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Occupational Therapy International
Volume 2018, Article ID 3439815, 8 pages
Research Article

Deep, Surface, or Both? A Study of Occupational Therapy Students’ Learning Concepts

1Department of Occupational Therapy, Prosthetics and Orthotics, Faculty of Health Sciences, OsloMet-Oslo Metropolitan University, Oslo, Norway
2Faculty of Health Studies, VID Specialized University, Sandnes, Norway

Correspondence should be addressed to Tore Bonsaksen; on.aoih@neskasnob.erot

Received 5 March 2018; Accepted 6 June 2018; Published 7 August 2018

Academic Editor: Jodie A. Copley

Copyright © 2018 Tore Bonsaksen. This is an open access article distributed under the Creative Commons Attribution License, which permits unrestricted use, distribution, and reproduction in any medium, provided the original work is properly cited.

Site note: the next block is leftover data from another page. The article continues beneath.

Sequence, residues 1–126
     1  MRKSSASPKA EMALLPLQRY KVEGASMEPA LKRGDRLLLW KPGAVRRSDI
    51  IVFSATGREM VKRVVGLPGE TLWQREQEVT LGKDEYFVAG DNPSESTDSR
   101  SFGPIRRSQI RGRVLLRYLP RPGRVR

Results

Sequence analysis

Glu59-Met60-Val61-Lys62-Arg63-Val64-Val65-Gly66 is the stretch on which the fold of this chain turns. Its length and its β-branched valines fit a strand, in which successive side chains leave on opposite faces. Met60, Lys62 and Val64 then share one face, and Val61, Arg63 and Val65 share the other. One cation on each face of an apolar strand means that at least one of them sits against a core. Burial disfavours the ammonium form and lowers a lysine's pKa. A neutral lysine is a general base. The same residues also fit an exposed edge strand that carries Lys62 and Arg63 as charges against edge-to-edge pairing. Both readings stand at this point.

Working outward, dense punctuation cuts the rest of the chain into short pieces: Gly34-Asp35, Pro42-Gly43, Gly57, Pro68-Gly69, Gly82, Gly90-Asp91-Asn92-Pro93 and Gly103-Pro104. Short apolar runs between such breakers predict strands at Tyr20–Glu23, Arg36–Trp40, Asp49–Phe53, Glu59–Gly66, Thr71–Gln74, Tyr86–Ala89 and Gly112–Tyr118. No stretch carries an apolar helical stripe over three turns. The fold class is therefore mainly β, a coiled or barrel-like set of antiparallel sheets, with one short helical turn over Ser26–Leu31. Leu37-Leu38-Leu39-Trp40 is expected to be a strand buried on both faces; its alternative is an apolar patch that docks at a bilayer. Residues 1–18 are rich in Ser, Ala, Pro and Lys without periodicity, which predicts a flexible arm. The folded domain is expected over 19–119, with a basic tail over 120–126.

Background. Students’ conceptualization of learning has been associated with their approaches to studying. However, whether students’ learning concepts are associated with their personal characteristics is unknown. Aim. To investigate whether sociodemographic, education-related, and personal factors were associated with the learning concepts of Norwegian occupational therapy students. Methods. One hundred and forty-nine students (mean age 23.9 years, 79.2% women) participated in the study. The employed self-report questionnaires included the Approaches and Study Skills Inventory for Students, the Rosenberg Self-Esteem Scale, and the General Self-Efficacy Scale. Differences between student cohorts were analyzed with one-way analyses of variance and 2 tests, whereas factors associated with the students’ learning concepts were analyzed with bivariate correlation and linear regression models. Results. The students’ mean scores on the deep and surface learning concept scales were similar. Spending more time on the independent study was associated with having higher scores on the unidimensional learning concept measure. Conclusions. The students’ learning concept appears to encompass a surface concept as well as a deep concept of learning, and the two ways of conceptualizing learning were positively related to each other. Over time, a mature deep concept may add to, rather than replace, a basic surface concept of learning.